Coronavirus: make infection control a priority

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Details about Coronavirus Disease 2019 (COVID-19) are changing rapidly and it's easy to get information overload, but first responders need to be prepared to encounter cases. COVID-19 presents as a respiratory illness with mild to severe symptoms of fever, cough and shortness of breath. It is caused by the SARS-CoV-2 virus and spread via respiratory droplets with close contact, like the flu.

Guidance for EMS and PSAP

UPDATED MARCH 10, 2020

The Centers for Disease Control and Prevention (CDC) has published interim guidance on COVID-19 for all first responders. This includes the fire service, emergency medical services (EMS), law enforcement and emergency management officials. If you anticipate close contact with persons with confirmed or possible COVID-19 in the course of your work, please read this guidance.

It recommends that 911 and emergency medical dispatch screen callers for signs, symptoms and risk factors of COVID-19. Dispatch should report potential COVID-19 calls to EMS before their arrival. EMS can evaluate individuals and transport them as a Person Under Investigation if necessary.

The interim guidance suggests specific modifications to EMS practices for patient assessment, personal protective equipment (PPE) use and aerosol-generating procedures (e.g., intubation, CPR, etc.). EMS employers can use the guidance to assess current practices, procedures and training and ensure they are up-to-date. This includes:

  • Donning and doffing PPE.
  • Task-specific training and education.
  • Use of respiratory devices.
  • Ensuring the availability of adequate supplies.
  • Decontamination.

Fire and EMS departments should stay in touch with state and local public health departments for developments that may affect their region.

photo of an ambulance with a blur effect

Information for First Responders on Maintaining Operational Capabilities During a Pandemic

During a severe pandemic, workloads increase and staff sizes diminish as employees and their families become ill or are quarantined. This guide provides contingency planning information that can help fire and EMS departments reduce the worst impacts.

Download the guidance PDF 985 KB

WHAT YOU SHOULD KNOW ABOUT COVID-19

Visit the Centers for Disease Control and Prevention's (CDC) website for information on how COVID-19 spreads, symptoms, prevention and treatment, and what to do if you are sick.

What the U.S. government is doing

HIPAA disclosure: The Department of Health and Human Services has issued guidance that ensures EMS and other first responders receive protected health information about individuals exposed to COVID-19. Learn more about disclosure PDF 741 KB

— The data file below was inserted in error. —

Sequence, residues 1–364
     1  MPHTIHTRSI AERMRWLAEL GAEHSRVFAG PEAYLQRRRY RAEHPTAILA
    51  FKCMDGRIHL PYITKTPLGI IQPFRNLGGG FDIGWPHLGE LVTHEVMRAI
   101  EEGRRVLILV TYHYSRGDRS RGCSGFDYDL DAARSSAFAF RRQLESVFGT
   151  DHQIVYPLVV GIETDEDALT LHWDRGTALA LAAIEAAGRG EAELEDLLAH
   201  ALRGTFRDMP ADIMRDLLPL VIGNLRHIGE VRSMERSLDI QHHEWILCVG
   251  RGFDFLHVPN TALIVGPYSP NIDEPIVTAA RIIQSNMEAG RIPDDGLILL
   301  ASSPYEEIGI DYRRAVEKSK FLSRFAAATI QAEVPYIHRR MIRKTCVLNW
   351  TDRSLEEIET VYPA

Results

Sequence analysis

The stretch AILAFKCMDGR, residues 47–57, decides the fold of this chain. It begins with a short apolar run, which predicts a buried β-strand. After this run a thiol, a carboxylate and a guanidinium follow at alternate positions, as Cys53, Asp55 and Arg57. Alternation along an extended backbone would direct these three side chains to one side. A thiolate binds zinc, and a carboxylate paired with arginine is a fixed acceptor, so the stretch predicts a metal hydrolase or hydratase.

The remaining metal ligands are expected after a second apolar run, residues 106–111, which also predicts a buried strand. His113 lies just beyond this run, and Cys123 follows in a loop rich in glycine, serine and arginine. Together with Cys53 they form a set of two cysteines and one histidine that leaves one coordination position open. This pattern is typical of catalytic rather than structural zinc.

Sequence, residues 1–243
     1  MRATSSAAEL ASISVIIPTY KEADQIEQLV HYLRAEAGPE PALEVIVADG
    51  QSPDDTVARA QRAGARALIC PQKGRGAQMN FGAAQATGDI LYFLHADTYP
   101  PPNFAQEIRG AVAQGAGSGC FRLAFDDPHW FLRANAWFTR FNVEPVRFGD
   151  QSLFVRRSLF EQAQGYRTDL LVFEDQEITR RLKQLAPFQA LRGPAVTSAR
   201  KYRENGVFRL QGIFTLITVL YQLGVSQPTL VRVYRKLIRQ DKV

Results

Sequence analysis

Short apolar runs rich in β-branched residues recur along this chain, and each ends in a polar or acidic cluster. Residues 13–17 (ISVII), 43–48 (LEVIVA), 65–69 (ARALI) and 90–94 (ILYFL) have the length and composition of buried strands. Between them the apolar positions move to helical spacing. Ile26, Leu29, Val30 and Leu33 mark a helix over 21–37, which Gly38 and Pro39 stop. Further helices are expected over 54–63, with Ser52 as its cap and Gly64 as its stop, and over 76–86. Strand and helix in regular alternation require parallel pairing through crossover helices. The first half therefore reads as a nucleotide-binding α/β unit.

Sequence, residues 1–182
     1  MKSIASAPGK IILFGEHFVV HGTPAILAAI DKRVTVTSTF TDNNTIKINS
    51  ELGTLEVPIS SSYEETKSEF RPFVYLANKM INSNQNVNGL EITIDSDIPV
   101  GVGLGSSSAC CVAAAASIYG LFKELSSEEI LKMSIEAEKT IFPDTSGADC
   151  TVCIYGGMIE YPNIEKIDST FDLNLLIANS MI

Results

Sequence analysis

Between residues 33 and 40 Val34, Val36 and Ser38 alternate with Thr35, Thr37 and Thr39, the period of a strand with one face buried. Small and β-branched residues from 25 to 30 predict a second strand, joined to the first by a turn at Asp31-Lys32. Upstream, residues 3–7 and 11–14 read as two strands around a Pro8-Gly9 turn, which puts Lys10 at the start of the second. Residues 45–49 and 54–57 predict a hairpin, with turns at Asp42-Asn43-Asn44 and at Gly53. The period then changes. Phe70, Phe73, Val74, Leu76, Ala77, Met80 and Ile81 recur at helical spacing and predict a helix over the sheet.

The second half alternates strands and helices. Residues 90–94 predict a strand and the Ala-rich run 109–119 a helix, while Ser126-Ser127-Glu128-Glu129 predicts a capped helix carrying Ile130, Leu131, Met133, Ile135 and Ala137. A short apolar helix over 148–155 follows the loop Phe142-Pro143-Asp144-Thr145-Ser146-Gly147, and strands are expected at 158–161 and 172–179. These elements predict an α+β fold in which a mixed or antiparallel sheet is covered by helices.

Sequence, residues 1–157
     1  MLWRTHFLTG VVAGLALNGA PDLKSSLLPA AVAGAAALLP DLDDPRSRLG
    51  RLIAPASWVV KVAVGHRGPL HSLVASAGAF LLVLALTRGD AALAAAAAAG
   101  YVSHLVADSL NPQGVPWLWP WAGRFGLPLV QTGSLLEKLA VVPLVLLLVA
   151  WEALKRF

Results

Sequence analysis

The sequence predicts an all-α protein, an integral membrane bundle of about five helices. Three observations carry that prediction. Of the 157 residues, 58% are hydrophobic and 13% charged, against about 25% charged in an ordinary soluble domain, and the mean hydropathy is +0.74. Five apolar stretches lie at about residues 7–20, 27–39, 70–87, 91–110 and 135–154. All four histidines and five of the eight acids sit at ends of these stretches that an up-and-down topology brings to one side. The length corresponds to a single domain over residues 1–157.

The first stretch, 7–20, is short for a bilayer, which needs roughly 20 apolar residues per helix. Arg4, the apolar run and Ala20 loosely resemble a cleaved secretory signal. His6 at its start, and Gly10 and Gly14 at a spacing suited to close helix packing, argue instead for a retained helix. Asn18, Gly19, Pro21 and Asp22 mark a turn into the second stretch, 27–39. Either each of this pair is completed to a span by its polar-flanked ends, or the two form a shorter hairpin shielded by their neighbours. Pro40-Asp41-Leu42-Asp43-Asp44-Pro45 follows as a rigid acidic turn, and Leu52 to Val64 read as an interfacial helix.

2020 Guidance on Preparing Workplaces for COVID-19: Guidance from the Occupational Safety and Health Administration on how to protect EMS and other workers who have a very high COVID-19 exposure risk. Learn how to protect EMS workers PDF 1.1 MB


National Fire Incident Reporting System Special Study: COVID-19

Financial and resource support

Cost recovery for fire and EMS departments

Learn how your fire/EMS department can obtain fiscal support for COVID-19 response through the Federal Emergency Management Agency (FEMA) Public Assistance Grant Program.

Learn about this grant program

FEMA declarations/emergency management process

Your department may be eligible to order supplies and equipment related to your COVID-19 response under a FEMA declaration or the emergency management process.

Find out how to order supplies and equipment
Wildland urban interface fires and COVID-19

Webinar: IAFC COVID-19 Task Force – March 30, 2020

Webinar: Crisis Standards of Care and COVID-19: What EMS Needs to Know – March 26, 2020

Additional COVID-19 resources

International Association of Fire Chiefs (IAFC)
COVID-19 Fire Department Personnel Impact Tracking Tool

Chiefs and company officers are encouraged to use this tool daily to evaluate the personnel and resource impacts of COVID-19 on the fire and emergency medical services.

Access the tool

Share our household chemical safety handout

household chemical safety handout

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PDF ~ 240 KB

People are very concerned right now about COVID-19. When cleaning surfaces, they may not think about the dangers of mixing household cleaners.

Customize this flyer with your logo and share it with your community to increase awareness about the dangers of household chemicals. The handout stresses the importance of proper storage and handling of household cleaners, following instructions on labels and never mixing products, and keeping them out of reach from children.